In spaces both familiar and strange, unknowable horrors lurk.
From the recesses of the Internet, where cosmic terror shows its face on an endless live feed, to a museum celebrating the sordid legacy of an occultist painter, this chilling collection of sixteen short stories will plunge you into the eerie, pessimistic imagination of Mike Thorn. Peel Back and See urges its readers to look closer, to push past surface-level appearances and face the things that stir below.
(review request submitted by the author for an honest critique)
Peel Back and Seeis a collection of sixteen (16) short stories that are heavy on unforgettable encounters with hungry creatures, blood and gore, fear, Satan, and (weirdly enough) sexual arousal.
Some stories stuck with me more than others. Below are my top five (5).
1.) Mr. Mucata’s Final Requests: Everyone knows you don’t try to double-cross Satan. I mean, come on, don’t even try. Deals with him are also a bad idea. Seriously, the worst possible choice a person can make. If you believe in the devil, demons, and hell, say NO to anything offered. Period!
2.) @GorgoYama2013: We’re raised to know you NEVER go into a stranger’s car. Horror movies have ingrained in us to NEVER go into a strange basement, especially alone. Victor broke all the rules. What he met could best be described as a horrific version of Krang (the brain) from TMNT. If you don’t know who I am talking about, look him up!
3.) Vomitus Bacchanalius: Okay, people are vomiting. Aliens are eating the regurgitated food. There are goo-faced men. Ugh, this story was gross, BUT good! I loved the nod to Gordon Ramsay too. 🙂
4.) The Furnace Room Mutant: This story stood out more because you’d think an unnatural being would be the monster in the story. I like it when authors step out from the paranormal norm. 🙂
5.) Havoc: This was the first story in the collection, and it made me close my laptop and take one giant step back from it. Read the story, and you’ll understand why. There was only one part I wasn’t too keen on — a flashback scene between student and teacher. I don’t want to divulge too much, but it made my score drop from a five to a four. (for this story only, not the overall score of the anthology)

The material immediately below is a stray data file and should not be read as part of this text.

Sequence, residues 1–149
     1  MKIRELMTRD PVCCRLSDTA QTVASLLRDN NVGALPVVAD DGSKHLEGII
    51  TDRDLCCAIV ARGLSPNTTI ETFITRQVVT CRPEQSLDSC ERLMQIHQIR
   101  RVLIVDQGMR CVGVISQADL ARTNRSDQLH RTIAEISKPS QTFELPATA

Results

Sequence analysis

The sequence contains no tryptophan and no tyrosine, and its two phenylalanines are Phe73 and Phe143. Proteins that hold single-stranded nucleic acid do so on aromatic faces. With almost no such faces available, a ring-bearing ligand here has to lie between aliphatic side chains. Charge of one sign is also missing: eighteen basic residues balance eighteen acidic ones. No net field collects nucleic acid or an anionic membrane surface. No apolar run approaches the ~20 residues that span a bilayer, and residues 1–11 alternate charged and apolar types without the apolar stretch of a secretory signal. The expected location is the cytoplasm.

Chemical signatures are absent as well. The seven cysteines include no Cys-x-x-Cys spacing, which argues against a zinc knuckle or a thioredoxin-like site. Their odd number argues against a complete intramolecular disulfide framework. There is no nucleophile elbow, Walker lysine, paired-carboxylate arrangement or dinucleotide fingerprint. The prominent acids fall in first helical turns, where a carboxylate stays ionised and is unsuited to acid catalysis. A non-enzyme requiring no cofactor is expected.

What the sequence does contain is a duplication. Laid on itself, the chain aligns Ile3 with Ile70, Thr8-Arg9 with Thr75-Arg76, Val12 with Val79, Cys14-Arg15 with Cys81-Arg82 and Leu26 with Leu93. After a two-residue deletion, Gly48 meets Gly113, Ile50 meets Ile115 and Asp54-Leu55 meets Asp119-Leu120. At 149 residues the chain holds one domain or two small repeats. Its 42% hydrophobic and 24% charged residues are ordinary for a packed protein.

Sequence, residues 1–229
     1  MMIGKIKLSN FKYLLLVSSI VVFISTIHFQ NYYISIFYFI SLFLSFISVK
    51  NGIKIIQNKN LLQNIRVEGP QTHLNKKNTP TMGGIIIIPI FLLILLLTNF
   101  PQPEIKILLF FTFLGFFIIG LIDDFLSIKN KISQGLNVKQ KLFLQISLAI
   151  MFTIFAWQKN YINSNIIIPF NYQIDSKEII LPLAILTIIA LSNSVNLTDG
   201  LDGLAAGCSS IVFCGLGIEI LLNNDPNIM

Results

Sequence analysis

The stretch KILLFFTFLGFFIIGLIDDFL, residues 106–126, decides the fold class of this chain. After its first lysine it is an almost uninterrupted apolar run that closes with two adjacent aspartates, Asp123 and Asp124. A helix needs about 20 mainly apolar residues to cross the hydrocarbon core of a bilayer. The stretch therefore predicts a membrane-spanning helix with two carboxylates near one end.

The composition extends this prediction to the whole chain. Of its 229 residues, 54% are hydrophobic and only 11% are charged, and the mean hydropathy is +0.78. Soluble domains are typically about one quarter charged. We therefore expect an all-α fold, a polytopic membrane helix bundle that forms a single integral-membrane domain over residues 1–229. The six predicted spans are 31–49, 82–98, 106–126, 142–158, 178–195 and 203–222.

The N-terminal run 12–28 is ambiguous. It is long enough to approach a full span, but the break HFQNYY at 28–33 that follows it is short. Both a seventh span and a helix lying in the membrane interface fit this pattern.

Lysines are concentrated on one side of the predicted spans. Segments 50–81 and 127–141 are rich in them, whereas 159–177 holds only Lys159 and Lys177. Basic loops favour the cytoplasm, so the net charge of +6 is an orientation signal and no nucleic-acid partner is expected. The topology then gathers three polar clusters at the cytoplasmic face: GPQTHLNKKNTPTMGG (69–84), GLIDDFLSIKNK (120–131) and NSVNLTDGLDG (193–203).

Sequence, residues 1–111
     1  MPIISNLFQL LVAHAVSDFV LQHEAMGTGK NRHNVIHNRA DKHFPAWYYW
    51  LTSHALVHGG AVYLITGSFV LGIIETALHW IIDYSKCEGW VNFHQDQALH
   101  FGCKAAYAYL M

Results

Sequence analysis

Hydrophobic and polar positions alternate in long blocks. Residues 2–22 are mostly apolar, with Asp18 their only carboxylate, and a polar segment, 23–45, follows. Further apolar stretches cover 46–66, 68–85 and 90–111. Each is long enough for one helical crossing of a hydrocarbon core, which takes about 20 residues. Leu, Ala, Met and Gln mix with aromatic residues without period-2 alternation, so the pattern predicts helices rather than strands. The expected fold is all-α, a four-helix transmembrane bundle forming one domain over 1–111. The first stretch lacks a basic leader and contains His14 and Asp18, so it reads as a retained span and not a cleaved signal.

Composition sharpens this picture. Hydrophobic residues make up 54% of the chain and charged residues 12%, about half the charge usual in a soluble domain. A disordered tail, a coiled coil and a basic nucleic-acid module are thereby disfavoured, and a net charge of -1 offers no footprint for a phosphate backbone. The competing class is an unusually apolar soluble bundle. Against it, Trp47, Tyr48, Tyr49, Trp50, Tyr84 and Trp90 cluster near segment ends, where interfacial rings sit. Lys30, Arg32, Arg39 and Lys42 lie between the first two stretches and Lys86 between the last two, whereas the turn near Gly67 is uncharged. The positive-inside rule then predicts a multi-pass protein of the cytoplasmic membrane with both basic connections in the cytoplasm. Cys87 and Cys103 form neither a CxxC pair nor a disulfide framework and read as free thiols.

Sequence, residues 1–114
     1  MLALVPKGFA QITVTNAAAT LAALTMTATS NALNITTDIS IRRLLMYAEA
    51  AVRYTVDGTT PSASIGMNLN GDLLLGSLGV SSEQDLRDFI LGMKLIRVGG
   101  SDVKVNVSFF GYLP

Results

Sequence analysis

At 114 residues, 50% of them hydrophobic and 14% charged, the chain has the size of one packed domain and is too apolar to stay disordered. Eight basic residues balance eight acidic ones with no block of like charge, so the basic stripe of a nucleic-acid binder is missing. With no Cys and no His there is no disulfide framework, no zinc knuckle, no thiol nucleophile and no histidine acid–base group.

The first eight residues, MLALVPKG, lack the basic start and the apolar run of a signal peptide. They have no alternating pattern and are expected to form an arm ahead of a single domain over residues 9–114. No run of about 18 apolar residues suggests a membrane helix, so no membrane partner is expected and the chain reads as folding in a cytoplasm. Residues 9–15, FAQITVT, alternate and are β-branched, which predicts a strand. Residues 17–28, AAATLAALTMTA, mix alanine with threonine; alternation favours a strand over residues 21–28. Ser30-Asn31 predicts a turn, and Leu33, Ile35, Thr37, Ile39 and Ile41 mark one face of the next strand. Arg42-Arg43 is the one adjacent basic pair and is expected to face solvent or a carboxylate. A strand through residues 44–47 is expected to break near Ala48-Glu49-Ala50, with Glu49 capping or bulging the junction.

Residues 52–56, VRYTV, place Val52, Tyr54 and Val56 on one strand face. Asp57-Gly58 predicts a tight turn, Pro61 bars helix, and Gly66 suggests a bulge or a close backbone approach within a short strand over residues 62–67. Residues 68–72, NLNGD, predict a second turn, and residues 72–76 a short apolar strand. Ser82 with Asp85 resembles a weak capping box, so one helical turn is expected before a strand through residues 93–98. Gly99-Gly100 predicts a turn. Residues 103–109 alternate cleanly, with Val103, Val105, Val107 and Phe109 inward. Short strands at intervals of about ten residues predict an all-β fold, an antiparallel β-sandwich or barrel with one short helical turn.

In Peel Back and See, thirteen of the sixteen stories scored three and above. That’s impressive! I encourage others to read the collection and see which story has you cowering under the covers.
Heart Rating System: 1 (lowest) and 5 (highest) Score: ❤❤❤❤
Mike Thorn is the author of the short story collection Darkest Hours. His fiction has appeared in numerous magazines, anthologies and podcasts, including Vastarien, Dark Moon Digest, The NoSleep Podcast, Tales to Terrify, and Prairie Gothic. His film criticism has been published in MUBI Notebook, The Film Stage, and Vague Visages. He completed his M.A. with a major in English literature at the University of Calgary, where he wrote a thesis on epistemophobia in John Carpenter’s Prince of Darkness.
Science Fiction and Fantasy Author, Steven M Nedeau!
Welcome, Steven. For those who might not be familiar with you, would you be a dear and tell the readers a little about yourself? How did you get your start in the writing business?
(Steven) I’m an artist, actor, writer, and dancer and I’ve been working as an electrical engineer for twenty-two years. While I was enjoying engineering and solving problems, my artistic side had been drowning in despair for years. An artist must do art, and I was craving a chance to create something beautiful.
I started writing seriously when I became fed up with someone else’s story telling. Critical of several films and television series, I felt the entertainment industry was dropping the ball. How many retellings of the same story do we need? We deserved better than the drivel presented to us.
I was thirty six, still deep in my engineering studies, when I started to think about the stories I wanted to tell. I even remember the moment when I decided to start writing something substantial. I was reimagining how Star Wars Episode 1 should have been told, how the past of Darth Vader should have been written and, in a rant, I built up his back story into a plausible and intriguing tale. When I looked up from my rant, my son’s face was hanging slack as he looked at me in awe. He asked, “Did you just come up with that all by yourself?”
I decided I wouldn’t retell an existing story. If I wanted a story strong enough to meet my expectations, I was going to have to write it myself.
Do you ever suffer from writer’s block? If so, please share how you handle it.
(Steven) Everyone suffers from writer’s block at one time or another. We all have our own ways of dealing with it. I have a couple of different things I do when so afflicted. I watch old movies, the older, the better. Then, I imagine the scripts of those movies. I imagine the words that would be needed to arrange the scene for the actors. Sometimes, my attempt to simplify what I’m seeing will prompt questions that need answering.
My other answer to writer’s block is sleep. I sleep. My dreams are the backbone of my stories and I often resolve the dilemmas in those tales with my eyes closed.
(Kam) Love this response! I solve a lot of dilemmas in my sleep, too.
Will you please share with the visitors what genre(s) you write? Also, when you’re not writing, how do you spend your time?